In the Uk, it’s estimated that 1-2% of adults, and 5-8% of children have a food allergy. That’s about 2 million people, and we’re not including intolerances like celiac disease, which is believed to be much higher.
It used to be a rarity, having someone with an allergy or intolerance coming into your eatery, now it’s something you see every day, and multiple times per day too.
As a food establishment in the UK, businesses are required to take certain tests so that you are up-to-date with the latest food allergies and to give you the knowledge to deal with people who have an allergy. No one wants to end up like PRET, after the story of the girl and her allergic reaction to a sandwich on a plane exploded in the media…
In fact, there’s now a whole new law, which came into play in October 2021, following this incident, called Natasha’s Law. The new legislation means that all foods made by operators on the premises that are pre-packaged for direct sale, must provide a full ingredient and allergen labelling.
You probably know the key 14 allergens, but just in case you need a refresh, they are: celery, cereals (gluten), eggs, crustaceans, fish, lupin, milk, molluscs, mustard, peanut, sesame, soya, sulphites, tree nuts. And on top of this, there are intolerances such as gluten and dairy. Not to mention the increasing number of people choosing to eat plant-based.
In a study by Delifrance, they asked customers what would make shopping with a food allergy easier, they said: better labelling, signage highlighted, separated allergen products, more choice, and better staff knowledge.
Most of these are things we, as caterers, can do. We can all brush up on our knowledge – if you haven’t yet taken the time to really understand Natasha’s Law, do so – and we can all do a little more to make sure any allergens are highlighted through visible signage.
There are a lot of small changes businesses can make to be more accommodating to people with allergies.
HERE ARE OUR TOP TIPS:
1. If you make your own products in-store, especially bakery products, think about whether you can adapt any recipes, without compromising on flavour, to suit an allergen diet – you may find this also crosses over with people who are vegan and vegetarian. There are so many options available now, including brilliant animal product alternatives.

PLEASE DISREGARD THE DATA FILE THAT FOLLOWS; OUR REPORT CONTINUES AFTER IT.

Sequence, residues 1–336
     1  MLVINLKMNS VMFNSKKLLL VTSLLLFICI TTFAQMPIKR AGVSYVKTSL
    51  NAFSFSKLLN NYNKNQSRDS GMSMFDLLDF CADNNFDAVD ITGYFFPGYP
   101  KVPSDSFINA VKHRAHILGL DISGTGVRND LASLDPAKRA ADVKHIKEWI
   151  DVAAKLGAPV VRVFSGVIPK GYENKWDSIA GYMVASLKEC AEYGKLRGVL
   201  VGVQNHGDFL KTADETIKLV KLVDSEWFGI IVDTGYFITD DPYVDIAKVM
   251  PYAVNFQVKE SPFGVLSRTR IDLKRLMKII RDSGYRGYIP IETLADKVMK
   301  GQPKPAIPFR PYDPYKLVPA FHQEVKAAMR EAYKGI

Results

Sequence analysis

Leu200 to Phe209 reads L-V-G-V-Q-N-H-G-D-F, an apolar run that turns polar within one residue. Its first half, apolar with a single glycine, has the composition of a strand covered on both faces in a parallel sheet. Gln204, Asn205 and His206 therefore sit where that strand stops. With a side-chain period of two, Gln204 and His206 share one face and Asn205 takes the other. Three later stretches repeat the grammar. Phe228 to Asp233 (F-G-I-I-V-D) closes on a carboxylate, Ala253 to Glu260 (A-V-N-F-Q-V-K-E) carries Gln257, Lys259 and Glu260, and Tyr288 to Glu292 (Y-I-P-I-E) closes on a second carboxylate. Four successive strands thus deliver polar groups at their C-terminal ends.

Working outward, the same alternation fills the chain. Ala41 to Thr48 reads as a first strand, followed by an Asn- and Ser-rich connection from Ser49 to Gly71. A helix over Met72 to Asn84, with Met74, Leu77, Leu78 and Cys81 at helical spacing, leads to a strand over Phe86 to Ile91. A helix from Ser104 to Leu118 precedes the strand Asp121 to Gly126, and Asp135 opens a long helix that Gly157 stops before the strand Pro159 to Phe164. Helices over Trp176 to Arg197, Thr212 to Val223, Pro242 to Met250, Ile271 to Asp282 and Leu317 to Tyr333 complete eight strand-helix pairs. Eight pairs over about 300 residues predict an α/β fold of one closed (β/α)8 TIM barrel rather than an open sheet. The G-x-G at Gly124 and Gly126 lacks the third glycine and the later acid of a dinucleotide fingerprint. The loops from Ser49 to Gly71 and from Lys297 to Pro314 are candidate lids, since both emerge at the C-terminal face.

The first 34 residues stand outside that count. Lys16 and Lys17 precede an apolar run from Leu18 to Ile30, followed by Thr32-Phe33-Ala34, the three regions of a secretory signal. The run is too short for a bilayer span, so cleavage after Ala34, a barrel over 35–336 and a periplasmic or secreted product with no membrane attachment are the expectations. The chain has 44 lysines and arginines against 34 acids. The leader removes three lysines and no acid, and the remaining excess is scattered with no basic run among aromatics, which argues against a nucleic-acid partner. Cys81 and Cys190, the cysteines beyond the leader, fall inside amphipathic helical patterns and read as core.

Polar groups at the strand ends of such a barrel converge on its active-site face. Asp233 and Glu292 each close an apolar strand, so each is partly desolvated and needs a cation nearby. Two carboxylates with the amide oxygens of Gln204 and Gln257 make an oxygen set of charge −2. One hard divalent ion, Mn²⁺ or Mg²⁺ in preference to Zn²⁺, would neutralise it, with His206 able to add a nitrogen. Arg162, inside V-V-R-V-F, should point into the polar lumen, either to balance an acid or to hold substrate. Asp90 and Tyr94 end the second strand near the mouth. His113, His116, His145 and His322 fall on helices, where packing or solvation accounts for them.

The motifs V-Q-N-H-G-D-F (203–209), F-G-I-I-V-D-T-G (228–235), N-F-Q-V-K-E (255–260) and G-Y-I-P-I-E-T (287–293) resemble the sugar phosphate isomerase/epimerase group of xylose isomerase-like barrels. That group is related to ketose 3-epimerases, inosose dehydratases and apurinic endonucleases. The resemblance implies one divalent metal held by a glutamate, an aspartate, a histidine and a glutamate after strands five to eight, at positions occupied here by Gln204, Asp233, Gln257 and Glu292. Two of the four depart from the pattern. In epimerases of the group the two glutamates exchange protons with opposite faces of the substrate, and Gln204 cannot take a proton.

2. Label your products properly. Customers are time-poor and if they can’t spot what they want easily, they won’t stick around long to ask. Whether it’s labelling products on the shelf or properly annotating a menu, be sure to do it clearly. If customers with allergies know they can trust you to have good, free-from options on the menu, they’ll come back (and tell others!).
3. Make sure your products are segregated properly. If you’re making something that’s allergen-free, be sure to make sure there’s no contamination from other products. And when it’s ready, the same applies with how you store it. If you can, make an allergen-free area in your kitchen. Label certain chopping boards and knives allergen-free too. This will also help remind the chef that they need to prepare the food with extra care.
4. Whether you sell food in a shop or in a restaurant, having a separate menu, which highlights in detail all allergens included in each dish or food item, is essential. Even a printout will do – it’s old school but it’s all about giving the customer confidence.
5. Train your staff. This is one of the most important things for businesses in the hospitality industry. Just one bad experience in an eatery, because a member of staff doesn’t know their hypoallergenic info, can really damage the customer’s review of a place. And more importantly, if the wrong information is given to a customer, the consequences could be life-threatening.
To receive the full report from Delifrance, click here – https://www.delifrance.com/uk/food-hypersensitive-consumers-report